By this point of the season, fantasy owners should be able to identify their teams‚Äô statistical shortcomings and be looking to address specific categories. Rather than ‚Äúpunt‚ÄĚ a category, it‚Äôs best to sell from your strengths now and address your weaknesses. Here is a look at some potential trade targets that will provide significant boosts to individual categories. These are the specialists.
Top Target¬†‚Äď DeAndre Jordan
The 23-year-old out of Houston is currently blocking 3.1 shots per game. Since the 2001-02 season, Marcus Camby is the only player to finish a season averaging more than three blocks per game (which he has done four times in his career). Jordan continues to improve and is learning more how to stay out of foul trouble. He‚Äôs a big part of the Clippers‚Äô expectations and adding him to your fantasy team could take you from the bottom of the league in blocks to near the top.
Low-Cost Upgrade¬†‚Äď Serge Ibaka
Expectations were high for Ibaka entering the season and he went among the top 50 picks in many fantasy drafts. However, he‚Äôs averaging just 24 minutes per game and his 6.8 points and 5.7 rebounds likely have his current owners frustrated. He is still blocking 2.4 shots per game and there‚Äôs a very good chance his value goes nowhere but up from here out.
Waiver Target¬†‚Äď Ekpe Udoh
The second-year player out of Baylor was drafted for his defense and has yet proven incapable of providing much else. With Kwame Brown out and Andris Biedrins struggling, Udoh will get his share of minutes. He has 11 blocks in his last five games.
Top Target¬†‚Äď Jason Kidd
Kidd has fashioned a hall-of-fame career by specializing in the specialists categories ‚Äď primarily assists, threes, and steals. He has eight steals in his first two games since returning from a first-time back injury and should finish among the top 10 in the league for the 13th¬†time in his career. His 2500 career steals rank third all-time.
Low-Cost Upgrade¬†‚Äď Mario Chalmers
Chalmers has produced some very good lines in January and it‚Äôs possible his owners have taken notice, lessening the likelihood that they‚Äôd be willing to part with him. He has 10 steals over his last four games and despite just three seasons of inconsistent playing time, he has proven to be effective in this category. Perhaps more importantly is that he‚Äôs averaging 32 minutes per game this month. That‚Äôs 10 more minutes than he averaged last season.
Waiver Target¬†‚Äď George Hill
Hill has gotten off to an inconsistent start with his new team, but one could still debate that he is the best of Indiana‚Äôs top-three guards (Darren Collison and Paul George are the current starters). Hill has picked up 10 steals over his last three games and has been earning more minutes by excelling on both ends of the court.
Top Target¬†‚Äď Chauncey Billups
As expected, Billups is developing into a primetime shooting guard quickly. He‚Äôs hoisting a career-best 5.9 three-pointers per game and hitting over 40% of them. Don‚Äôt expect much to change. He will make a run to lead the league in this category.
Low-Cost Upgrade¬†‚Äď Anthony Morrow
A-Mo came off the bench last game as Avery Johnson made the ill-advised decision to start DeShawn Stevenson against the Clippers. Alas, Stevenson ended up (-26) for the game. Morrow should be back in the starting five very soon and he should be good to average at least 2.0 made threes per game from here on out. One of the most accurate long-distance shooters in the game, he‚Äôs hit 25-of-46 (54%) three-pointers over his last eight games.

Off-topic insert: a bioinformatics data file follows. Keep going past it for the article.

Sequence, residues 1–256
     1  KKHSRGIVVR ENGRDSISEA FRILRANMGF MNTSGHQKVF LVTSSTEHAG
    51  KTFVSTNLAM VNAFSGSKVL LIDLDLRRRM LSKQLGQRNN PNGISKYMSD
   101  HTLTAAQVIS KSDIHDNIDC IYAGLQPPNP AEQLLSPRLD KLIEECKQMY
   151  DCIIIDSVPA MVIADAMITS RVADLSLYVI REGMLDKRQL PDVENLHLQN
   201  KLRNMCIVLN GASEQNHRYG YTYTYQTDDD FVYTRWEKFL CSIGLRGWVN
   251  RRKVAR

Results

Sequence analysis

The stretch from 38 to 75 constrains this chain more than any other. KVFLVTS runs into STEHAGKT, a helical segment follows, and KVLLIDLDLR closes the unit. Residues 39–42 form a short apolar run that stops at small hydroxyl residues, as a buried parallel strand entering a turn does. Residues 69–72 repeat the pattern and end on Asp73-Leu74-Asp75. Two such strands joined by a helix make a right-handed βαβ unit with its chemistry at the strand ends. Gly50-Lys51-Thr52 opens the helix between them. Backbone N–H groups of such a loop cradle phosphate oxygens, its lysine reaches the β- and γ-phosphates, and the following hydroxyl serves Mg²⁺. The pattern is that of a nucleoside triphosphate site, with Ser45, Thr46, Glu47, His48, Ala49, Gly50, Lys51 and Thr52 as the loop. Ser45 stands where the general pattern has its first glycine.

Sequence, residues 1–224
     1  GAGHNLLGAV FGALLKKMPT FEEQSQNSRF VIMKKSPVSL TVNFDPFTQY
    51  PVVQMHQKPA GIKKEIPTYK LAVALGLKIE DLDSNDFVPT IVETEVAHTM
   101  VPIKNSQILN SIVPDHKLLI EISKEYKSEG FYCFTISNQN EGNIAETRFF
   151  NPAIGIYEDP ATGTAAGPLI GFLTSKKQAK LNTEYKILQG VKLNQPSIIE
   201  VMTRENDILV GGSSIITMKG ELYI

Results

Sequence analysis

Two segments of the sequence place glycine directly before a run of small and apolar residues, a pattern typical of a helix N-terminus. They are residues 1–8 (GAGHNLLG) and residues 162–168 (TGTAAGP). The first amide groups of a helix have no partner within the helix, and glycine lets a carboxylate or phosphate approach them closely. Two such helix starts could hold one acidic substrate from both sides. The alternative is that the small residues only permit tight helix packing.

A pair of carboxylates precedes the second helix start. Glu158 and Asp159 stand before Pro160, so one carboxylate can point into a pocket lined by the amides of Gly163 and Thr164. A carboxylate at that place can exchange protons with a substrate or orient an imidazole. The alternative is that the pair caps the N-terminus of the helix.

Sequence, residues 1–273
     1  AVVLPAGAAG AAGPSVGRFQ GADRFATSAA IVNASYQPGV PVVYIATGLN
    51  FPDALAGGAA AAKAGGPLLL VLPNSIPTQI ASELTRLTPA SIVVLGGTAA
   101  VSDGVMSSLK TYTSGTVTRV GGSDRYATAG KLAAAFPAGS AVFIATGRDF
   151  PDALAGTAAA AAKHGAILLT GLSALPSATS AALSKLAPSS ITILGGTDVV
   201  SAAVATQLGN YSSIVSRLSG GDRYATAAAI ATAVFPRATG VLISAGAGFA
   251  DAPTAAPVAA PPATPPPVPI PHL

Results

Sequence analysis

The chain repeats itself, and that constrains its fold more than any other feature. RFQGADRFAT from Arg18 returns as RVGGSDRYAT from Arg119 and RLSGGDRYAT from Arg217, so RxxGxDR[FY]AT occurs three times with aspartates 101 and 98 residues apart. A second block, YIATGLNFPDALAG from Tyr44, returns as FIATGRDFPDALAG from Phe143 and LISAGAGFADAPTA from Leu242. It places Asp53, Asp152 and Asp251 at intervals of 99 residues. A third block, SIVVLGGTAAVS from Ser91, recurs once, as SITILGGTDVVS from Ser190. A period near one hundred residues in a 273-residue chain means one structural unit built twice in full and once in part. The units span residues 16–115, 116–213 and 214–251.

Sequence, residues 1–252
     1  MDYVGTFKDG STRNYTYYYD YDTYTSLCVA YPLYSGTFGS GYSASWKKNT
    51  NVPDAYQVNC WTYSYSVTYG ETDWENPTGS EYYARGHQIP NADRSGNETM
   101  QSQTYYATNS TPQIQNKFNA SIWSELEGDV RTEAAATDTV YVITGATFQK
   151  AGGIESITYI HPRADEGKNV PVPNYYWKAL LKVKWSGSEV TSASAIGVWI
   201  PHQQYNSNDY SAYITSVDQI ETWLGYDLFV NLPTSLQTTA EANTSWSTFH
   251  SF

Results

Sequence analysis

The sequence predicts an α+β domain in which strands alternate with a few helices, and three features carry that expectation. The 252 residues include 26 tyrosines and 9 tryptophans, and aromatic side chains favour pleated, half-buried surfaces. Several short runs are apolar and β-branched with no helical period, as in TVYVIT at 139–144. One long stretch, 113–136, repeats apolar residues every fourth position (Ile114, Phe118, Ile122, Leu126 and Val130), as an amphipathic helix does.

Waiver Target¬†‚Äď Daniel Gibson
Gibson has consistently garnered 25 minutes per game for the surprising 6-6 Cavaliers. He‚Äôs using that time to do what he does best; shoot a lot of treys. He‚Äôs averaging 4.0 attempts per game off of the bench and converting 45.8% of them. There‚Äôs no reason that could change and on any given week he could net your team 10 additional three-pointers.
Note: Keep an eye on Mike Miller as he is due to return this week.
Top Target¬†‚Äď David Lee
Prior to last season, Lee finished among the top three rebounders in the NBA in two-straight campaigns. His first season with the Warriors saw him fall to tenth in the league. But it‚Äôs clear he‚Äôs trending upwards and should finish the year averaging well over 11 rebounds per game as the Warriors need him desperately to work the glass.
Low-Cost Upgrade¬†‚Äď Anderson Varejao
Varejao may be an even better rebounder than Lee and the Brazilian looks healthy after missing most all of last season after undergoing ankle surgery. His defense and work on the glass may be the biggest reasons why the Cavaliers are catching teams off guard. He could do the same for your fantasy team and shouldn‚Äôt cost much in a trade.
Waiver Target¬†‚Äď Udonis Haslem
Haslem is actually owned in just over 50% of leagues, but he deserves mention in this report as he‚Äôs among the best examples of a specialist. While his numbers across the board scream mediocrity, the 10.2 rebounds per game is a large enough exception to make him worth owning.
Top Target¬†‚Äď Raymond Felton
Felton‚Äôs gotten off to a very disappointing start in Portland as he‚Äôs hit only 34.7% of his shots and is averaging just 10.4 points. He is still dishing out 7.2 assists. Expect all his numbers to climb as he will hit his very productive stride sooner or later.
Low-Cost Upgrade¬†‚Äď Jarrett Jack
Jack is averaging 7.3 assists and that number should climb upon Eric Gordon‚Äôs return. The Hornets don‚Äôt have much depth at the position, so his production should remain consistently good throughout the season.
Waiver Target¬†‚Äď Earl Watson
Simply put, Watson has been a much better option for the Jazz than Devin Harris for most of the season. It‚Äôs hard to imagine this continues, but Watson‚Äôs as averaged 5.6 assists in eight January games.
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